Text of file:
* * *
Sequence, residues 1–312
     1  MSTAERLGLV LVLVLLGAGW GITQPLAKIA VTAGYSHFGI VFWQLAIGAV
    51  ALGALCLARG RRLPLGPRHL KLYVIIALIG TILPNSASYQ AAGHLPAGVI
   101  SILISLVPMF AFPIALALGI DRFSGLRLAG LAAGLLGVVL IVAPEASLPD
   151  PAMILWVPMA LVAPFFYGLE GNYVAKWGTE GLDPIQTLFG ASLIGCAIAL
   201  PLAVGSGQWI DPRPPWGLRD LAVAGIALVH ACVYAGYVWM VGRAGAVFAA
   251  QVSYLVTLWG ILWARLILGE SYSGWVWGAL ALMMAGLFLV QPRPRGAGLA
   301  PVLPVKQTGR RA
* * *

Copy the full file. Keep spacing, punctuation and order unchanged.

Sequence, residues 1–312
     1  MSTAERLGLV LVLVLLGAGW GITQPLAKIA VTAGYSHFGI VFWQLAIGAV
    51  ALGALCLARG RRLPLGPRHL KLYVIIALIG TILPNSASYQ AAGHLPAGVI
   101  SILISLVPMF AFPIALALGI DRFSGLRLAG LAAGLLGVVL IVAPEASLPD
   151  PAMILWVPMA LVAPFFYGLE GNYVAKWGTE GLDPIQTLFG ASLIGCAIAL
   201  PLAVGSGQWI DPRPPWGLRD LAVAGIALVH ACVYAGYVWM VGRAGAVFAA
   251  QVSYLVTLWG ILWARLILGE SYSGWVWGAL ALMMAGLFLV QPRPRGAGLA
   301  PVLPVKQTGR RA